If you want to see a judge to hear your trial or summary judgment, you get a prompt court date. Q. What happened with foreclosure cases during the Attorneys General cases, and what’s happening now that the case has been settled? Are you seeing a new wave of filings?
When the “Robo-signing” scandal broke, many lenders put cases on hold so that they could investigate and improve their systems for processing foreclosure paperwork. We supported that effort, because it is critical that documents filed in court are truthful and accurate, and many banks have returned to court with substantially improved systems. This was particularly difficult for condominium and homeowners associations, which frequently do not receive association payments from homeowners in foreclosure, creating deficits in the associations’ operating budgets and affecting the entire community.
During the investigations conducted by the Attorneys General and the Treasury Department, many issues also arose about the process of loss mitigation — the process by which borrowers try to work with banks to keep their home. Anecdotally, we seem to be seeing more loan modifications and short sales going through now, but we don’t have comprehensive data measuring those events.
While foreclosure filings have once again increased after the Attorneys General and Treasury Department investigations concluded, we are now at a steady rate of about 2,300 new foreclosure cases per month on average for 2012. We do not anticipate seeing another foreclosure filing tsunami. Both banks and their law firms realized that filing too many cases at once create quality control problems for them and workload problems for the court system.
There are rumors that there are giant warehouses filled to the brim with unfiled foreclosures that are about to reach the courts, but we haven’t seen them yet. Some of the delay may be due to stricter procedures required by the banks’ recent settlements with the Attorneys General and the Treasury Department over inappropriate handling of foreclosure cases, as well as Florida’s recent requirement that the accuracy of the complaint in foreclosure must be sworn to by the foreclosing plaintiff. Q. Regarding foreclosures, you have said: “It is more important to do them right than to do them fast.” Can you elaborate?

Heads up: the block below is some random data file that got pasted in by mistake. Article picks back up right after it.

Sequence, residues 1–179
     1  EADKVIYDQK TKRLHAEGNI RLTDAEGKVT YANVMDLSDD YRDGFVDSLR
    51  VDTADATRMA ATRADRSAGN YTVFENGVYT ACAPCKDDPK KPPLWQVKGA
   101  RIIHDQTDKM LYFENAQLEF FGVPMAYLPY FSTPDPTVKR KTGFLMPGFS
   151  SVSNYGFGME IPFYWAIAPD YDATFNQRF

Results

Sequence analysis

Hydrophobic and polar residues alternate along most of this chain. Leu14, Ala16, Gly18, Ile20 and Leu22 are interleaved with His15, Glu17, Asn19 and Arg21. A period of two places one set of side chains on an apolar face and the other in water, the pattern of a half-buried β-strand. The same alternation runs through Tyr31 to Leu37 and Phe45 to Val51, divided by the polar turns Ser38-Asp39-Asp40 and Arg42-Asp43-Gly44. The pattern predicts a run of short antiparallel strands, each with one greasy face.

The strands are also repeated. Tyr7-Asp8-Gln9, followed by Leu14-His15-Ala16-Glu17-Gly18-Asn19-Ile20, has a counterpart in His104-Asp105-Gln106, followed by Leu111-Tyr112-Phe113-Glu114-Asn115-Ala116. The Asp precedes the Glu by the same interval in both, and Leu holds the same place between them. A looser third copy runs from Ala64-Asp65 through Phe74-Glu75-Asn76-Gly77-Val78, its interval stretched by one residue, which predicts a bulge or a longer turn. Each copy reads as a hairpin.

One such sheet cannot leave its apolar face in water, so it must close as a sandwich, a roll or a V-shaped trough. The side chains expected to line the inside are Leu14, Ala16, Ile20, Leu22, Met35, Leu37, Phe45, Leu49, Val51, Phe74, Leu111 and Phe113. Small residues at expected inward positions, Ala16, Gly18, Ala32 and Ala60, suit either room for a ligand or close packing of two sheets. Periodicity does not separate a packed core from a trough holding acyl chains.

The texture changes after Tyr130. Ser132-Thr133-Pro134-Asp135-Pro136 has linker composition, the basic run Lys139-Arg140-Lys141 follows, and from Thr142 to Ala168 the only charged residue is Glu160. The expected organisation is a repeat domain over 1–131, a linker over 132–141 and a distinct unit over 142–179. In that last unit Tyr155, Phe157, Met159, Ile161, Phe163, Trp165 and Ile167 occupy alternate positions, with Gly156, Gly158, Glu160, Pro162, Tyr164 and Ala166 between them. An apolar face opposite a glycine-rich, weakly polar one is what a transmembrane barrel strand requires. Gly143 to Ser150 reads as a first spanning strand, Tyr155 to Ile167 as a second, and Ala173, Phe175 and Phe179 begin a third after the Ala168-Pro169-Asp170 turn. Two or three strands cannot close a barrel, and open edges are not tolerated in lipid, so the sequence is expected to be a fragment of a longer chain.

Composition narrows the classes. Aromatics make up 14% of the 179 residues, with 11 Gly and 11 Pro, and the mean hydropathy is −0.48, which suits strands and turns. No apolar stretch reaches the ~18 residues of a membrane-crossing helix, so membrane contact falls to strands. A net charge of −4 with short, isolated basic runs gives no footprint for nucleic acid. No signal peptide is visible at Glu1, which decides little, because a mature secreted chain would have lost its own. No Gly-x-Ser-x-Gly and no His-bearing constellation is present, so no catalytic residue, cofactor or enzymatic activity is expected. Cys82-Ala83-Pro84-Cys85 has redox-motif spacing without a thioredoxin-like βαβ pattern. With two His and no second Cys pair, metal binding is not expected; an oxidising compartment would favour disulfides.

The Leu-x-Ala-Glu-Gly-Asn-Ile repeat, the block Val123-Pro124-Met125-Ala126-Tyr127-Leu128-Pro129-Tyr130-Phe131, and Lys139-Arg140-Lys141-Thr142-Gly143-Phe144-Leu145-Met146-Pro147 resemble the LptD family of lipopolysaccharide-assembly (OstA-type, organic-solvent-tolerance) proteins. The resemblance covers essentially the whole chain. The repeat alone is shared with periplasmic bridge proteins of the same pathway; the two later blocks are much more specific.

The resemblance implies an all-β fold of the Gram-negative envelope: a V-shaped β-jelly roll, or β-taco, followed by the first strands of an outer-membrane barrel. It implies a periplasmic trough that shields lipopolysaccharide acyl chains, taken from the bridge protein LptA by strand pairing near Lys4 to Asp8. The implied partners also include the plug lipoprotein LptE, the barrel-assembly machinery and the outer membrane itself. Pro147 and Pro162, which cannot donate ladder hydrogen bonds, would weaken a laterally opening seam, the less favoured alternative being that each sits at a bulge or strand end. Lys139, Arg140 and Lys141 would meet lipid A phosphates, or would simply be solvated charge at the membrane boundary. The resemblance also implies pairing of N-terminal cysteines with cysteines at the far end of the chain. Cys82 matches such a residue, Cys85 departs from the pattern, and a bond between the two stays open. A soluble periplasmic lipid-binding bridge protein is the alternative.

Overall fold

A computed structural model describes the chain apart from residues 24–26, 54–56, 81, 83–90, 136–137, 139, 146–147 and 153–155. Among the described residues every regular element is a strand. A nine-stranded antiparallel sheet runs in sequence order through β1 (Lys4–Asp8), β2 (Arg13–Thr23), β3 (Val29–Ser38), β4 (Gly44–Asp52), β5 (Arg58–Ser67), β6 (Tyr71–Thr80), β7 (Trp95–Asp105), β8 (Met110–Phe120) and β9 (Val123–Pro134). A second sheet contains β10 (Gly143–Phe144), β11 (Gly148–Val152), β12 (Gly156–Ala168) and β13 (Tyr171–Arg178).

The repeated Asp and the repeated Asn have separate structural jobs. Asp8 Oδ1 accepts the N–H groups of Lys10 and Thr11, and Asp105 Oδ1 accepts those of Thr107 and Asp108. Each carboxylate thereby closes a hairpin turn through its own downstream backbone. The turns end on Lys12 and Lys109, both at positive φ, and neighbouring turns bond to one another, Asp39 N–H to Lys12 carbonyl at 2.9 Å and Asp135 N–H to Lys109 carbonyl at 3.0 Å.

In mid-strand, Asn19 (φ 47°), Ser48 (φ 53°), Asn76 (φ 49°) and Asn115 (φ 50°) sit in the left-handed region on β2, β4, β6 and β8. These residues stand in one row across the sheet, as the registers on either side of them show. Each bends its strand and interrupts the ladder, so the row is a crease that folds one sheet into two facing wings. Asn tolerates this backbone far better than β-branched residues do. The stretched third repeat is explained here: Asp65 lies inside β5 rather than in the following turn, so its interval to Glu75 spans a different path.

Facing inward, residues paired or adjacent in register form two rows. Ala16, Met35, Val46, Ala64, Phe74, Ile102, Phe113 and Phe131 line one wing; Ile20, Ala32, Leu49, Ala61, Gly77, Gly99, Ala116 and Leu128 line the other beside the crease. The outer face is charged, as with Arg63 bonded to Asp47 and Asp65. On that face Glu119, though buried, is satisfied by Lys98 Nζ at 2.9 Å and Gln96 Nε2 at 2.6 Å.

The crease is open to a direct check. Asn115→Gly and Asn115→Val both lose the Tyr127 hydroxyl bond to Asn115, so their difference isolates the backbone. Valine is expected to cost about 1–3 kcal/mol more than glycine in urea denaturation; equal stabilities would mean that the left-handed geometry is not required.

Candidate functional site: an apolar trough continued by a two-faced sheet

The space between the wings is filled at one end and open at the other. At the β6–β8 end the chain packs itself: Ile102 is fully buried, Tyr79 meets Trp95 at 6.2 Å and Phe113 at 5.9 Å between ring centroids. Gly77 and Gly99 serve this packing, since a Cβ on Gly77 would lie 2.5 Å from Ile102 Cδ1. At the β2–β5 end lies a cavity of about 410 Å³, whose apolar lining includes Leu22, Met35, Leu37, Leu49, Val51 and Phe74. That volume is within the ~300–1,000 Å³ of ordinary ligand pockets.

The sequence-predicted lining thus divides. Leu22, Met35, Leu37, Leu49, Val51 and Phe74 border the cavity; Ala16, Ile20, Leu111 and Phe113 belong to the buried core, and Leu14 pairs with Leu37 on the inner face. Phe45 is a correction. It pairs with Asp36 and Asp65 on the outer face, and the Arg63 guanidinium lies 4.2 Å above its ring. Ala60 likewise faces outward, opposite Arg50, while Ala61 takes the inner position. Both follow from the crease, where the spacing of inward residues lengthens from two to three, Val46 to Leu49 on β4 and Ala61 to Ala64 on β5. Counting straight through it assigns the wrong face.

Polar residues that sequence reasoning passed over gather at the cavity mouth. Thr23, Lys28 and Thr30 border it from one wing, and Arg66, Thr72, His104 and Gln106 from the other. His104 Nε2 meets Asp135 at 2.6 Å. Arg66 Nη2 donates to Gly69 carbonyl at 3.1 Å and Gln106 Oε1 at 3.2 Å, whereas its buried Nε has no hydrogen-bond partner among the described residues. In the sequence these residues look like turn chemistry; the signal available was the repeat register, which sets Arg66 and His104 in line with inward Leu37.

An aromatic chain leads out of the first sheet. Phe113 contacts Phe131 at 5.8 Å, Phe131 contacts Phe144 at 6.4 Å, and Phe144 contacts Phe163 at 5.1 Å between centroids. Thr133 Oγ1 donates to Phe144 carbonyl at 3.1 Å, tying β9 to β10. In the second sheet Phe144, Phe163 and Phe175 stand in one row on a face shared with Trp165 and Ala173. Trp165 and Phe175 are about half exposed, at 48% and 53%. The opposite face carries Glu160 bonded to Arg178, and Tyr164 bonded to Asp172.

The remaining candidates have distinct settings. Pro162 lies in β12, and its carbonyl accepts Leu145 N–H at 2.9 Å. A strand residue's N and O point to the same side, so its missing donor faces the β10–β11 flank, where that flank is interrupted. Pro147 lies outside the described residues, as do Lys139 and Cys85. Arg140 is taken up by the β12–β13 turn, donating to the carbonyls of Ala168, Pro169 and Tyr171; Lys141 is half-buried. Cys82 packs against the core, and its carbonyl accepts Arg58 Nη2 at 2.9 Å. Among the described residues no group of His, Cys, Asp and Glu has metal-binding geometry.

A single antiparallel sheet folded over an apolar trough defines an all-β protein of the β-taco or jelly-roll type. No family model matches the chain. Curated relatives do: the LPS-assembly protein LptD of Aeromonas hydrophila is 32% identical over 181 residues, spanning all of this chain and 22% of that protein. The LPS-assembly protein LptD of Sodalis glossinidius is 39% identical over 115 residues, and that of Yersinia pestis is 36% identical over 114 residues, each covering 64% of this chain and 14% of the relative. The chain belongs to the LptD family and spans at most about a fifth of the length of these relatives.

Foreclosure cases must be handled correctly by the courts. The integrity of title to the real estate property depends on a thorough and accurate court proceeding. Subsequent purchasers of these properties will rely upon what happened in court to assure their ownership of the property.
Some jurisdictions have been accused of running “rocket dockets” in which priority is placed on quick entry of judgments. Since the beginning of the crisis, the Eleventh Circuit’s priority has been to ensure that the foundations upon which the judgment is entered are solid: i.e., that parties are properly noticed; the supporting facts are properly established, and that the original note is surrendered to the court or accounted for during the proceeding. To that end, we have strict review procedures in place to ensure the integrity of the process. While we maximize resources to move the cases through the Miami-Dade court system as efficiently as possible, we do not do so at the expense of justice. Q. From your vantage point, who is responsible for the foreclosure crisis?
I deal with the cases that are in front of me. Moral judgment gets you nowhere. There is plenty of blame to go around. The banks shouldn’t have made the loans. The borrowers shouldn’t have taken them. It was a huge shell game with loans getting sold and repackaged into securities, with no responsibility. Everyone thought that somebody else should be the one to say ‘no.’’’